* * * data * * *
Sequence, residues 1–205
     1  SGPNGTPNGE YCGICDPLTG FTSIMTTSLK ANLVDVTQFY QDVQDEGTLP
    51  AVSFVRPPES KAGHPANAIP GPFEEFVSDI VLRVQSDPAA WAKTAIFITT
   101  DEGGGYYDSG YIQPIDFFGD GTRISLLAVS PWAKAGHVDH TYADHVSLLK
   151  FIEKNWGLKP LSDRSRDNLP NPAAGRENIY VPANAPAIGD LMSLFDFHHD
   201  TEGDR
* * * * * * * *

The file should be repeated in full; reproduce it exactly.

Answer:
Sequence, residues 1–205
     1  SGPNGTPNGE YCGICDPLTG FTSIMTTSLK ANLVDVTQFY QDVQDEGTLP
    51  AVSFVRPPES KAGHPANAIP GPFEEFVSDI VLRVQSDPAA WAKTAIFITT
   101  DEGGGYYDSG YIQPIDFFGD GTRISLLAVS PWAKAGHVDH TYADHVSLLK
   151  FIEKNWGLKP LSDRSRDNLP NPAAGRENIY VPANAPAIGD LMSLFDFHHD
   201  TEGDR